Monday, August 29, 2011
Yikes! We're going to pop like an overinflated balloon!
This post was originally going to be called "A bit of Texas far from home" and was going to built around the Ars Technica article Piece of crust stolen from Texas found in Antarctica. The article is about how a rock formation in Antarctica matched one in Texas, and scientists theorize they were joined in the ancient super-continent of Rodinia.
It is interesting enough, and worth a read, but this post got sidetracked when I started to look for an illustration for it. A picture of a rock isn't all that interesting, so I went to YouTube looking for an animation of continental drift. I then quickly got diverted by a series of videos claiming that the Theory of Continental Drift had it all wrong, that the world was actually expanding.
Under this theory the continents aren't plates that slosh around on top of magma and bounce into each other now and again. Rather, the continents were formed when the world expanded and broke apart the original skin of the Earth as it's surface volume expanded. You can see a video explaining that theory, and there are also videos about Mars and the Moon expanding if you have time to waste.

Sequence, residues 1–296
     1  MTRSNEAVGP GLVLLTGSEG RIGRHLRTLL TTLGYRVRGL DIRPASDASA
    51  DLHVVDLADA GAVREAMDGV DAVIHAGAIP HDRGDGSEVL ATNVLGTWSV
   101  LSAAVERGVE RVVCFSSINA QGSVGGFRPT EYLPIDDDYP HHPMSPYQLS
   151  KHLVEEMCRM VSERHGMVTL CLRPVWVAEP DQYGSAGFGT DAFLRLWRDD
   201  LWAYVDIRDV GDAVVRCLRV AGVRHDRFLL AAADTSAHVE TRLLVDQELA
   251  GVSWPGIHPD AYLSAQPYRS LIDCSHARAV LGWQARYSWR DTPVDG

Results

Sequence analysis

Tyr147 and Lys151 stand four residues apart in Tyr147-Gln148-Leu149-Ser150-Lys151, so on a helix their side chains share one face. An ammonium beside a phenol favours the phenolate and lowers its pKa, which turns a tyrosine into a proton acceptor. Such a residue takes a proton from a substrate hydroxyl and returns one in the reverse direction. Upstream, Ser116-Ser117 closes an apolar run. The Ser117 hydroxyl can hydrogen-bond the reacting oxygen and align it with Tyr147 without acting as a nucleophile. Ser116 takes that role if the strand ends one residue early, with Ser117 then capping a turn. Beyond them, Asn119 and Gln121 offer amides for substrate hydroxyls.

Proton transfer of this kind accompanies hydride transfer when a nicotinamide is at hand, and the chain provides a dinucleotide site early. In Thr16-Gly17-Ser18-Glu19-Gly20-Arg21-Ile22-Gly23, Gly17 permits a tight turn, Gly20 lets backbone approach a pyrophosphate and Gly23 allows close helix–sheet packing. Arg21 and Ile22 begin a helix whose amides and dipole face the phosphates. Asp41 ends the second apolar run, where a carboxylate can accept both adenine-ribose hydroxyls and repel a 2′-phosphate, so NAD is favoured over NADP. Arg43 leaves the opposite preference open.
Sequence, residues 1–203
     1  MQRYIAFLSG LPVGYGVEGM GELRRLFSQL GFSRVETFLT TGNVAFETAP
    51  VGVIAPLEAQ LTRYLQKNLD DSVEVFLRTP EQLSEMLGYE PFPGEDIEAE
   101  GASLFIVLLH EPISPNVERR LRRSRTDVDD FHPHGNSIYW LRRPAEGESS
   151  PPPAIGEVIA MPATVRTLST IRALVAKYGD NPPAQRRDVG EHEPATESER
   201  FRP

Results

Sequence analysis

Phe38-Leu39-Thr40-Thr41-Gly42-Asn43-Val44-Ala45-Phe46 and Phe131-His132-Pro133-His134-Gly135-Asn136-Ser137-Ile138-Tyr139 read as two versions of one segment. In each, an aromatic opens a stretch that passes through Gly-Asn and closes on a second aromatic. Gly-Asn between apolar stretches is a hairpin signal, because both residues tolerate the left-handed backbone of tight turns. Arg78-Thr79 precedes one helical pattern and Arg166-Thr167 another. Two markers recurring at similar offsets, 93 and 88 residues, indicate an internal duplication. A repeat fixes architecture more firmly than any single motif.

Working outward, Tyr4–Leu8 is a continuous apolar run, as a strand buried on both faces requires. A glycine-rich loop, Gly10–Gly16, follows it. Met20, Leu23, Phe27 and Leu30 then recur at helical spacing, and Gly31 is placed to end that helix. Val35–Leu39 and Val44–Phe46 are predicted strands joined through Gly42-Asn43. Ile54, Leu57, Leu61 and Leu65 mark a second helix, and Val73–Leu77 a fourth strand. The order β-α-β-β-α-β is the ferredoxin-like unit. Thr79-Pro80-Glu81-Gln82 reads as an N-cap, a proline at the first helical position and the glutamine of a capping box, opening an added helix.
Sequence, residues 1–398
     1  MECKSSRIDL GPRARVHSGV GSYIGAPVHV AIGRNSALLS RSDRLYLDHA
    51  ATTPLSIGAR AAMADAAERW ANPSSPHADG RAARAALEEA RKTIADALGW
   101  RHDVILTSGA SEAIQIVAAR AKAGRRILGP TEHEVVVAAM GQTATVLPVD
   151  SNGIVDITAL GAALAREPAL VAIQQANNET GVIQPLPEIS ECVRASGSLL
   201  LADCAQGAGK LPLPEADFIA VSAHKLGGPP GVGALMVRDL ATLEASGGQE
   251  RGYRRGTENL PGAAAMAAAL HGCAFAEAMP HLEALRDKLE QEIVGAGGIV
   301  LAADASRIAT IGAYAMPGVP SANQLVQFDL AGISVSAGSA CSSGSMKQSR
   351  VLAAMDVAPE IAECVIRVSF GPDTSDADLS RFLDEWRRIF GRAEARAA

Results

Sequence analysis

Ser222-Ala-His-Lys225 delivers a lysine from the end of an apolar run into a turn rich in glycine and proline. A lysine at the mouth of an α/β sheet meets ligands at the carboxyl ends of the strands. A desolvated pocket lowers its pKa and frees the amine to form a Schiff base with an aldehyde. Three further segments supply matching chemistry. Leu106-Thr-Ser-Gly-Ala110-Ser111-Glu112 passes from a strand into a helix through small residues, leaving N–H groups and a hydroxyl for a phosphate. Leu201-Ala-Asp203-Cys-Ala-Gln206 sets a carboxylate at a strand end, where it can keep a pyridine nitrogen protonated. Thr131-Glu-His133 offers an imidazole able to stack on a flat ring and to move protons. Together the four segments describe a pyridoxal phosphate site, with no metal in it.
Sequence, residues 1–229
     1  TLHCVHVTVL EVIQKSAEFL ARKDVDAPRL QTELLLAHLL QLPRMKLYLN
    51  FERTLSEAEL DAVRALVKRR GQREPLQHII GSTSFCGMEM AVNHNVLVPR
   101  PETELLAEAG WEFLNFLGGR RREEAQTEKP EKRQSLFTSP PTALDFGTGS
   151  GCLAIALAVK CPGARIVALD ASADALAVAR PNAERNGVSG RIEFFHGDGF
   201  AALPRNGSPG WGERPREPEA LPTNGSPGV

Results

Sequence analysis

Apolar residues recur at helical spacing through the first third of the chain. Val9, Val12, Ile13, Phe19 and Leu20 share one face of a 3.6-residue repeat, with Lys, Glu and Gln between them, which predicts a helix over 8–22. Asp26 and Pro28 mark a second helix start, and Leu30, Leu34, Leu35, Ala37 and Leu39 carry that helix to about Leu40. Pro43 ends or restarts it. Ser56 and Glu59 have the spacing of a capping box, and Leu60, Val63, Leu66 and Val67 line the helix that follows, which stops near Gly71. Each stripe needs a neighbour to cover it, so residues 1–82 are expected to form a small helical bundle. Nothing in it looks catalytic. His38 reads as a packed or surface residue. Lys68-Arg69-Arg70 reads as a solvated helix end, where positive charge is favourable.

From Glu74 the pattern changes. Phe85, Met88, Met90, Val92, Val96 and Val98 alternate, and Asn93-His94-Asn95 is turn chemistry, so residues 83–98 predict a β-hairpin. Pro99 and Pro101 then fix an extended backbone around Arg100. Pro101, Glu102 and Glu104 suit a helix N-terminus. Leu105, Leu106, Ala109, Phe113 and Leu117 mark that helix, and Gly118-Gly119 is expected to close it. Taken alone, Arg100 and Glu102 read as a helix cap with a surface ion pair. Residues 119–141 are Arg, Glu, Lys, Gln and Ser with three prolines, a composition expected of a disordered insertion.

Mind you, I'm not a geologist, but it all seemed pretty dodgy to me. First, his explanation as to why the surface pulling apart would cause the Himalayan mountain range was less than convincing, then there was the greater problem of just where all the extra Earth was coming from. I mean, it's not as if the Earth is like a kitten that can grow fatter eating kibbles and bits.
Still, this theory has its fans -- I assume the same folk who think the Moon landings were fake or that contrails are really chemicals being sprayed by the government to... uh... to do what ever nepharious things chemtrails are supposed to do.
Then again, maybe the Expanders are right, and the Mayan's 2012 prediction really refers to the Earth finally popping like an overinflated balloon. Sounds like a fine plot for a SyFy movie to me -- a race to drill a giant hole to let the air out (but not so much air that the Earth entirely deflates) before the real Big Bang occurs.